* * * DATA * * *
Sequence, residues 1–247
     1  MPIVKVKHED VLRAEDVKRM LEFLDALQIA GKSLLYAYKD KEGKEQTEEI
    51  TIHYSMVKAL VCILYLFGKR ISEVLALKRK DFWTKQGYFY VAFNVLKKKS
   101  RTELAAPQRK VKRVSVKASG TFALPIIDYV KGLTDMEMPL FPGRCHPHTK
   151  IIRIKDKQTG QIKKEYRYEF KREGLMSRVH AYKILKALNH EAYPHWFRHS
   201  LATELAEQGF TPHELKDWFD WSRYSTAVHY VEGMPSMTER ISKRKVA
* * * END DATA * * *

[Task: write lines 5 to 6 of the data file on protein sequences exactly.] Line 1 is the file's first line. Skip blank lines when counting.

   151  IIRIKDKQTG QIKKEYRYEF KREGLMSRVH AYKILKALNH EAYPHWFRHS
   201  LATELAEQGF TPHELKDWFD WSRYSTAVHY VEGMPSMTER ISKRKVA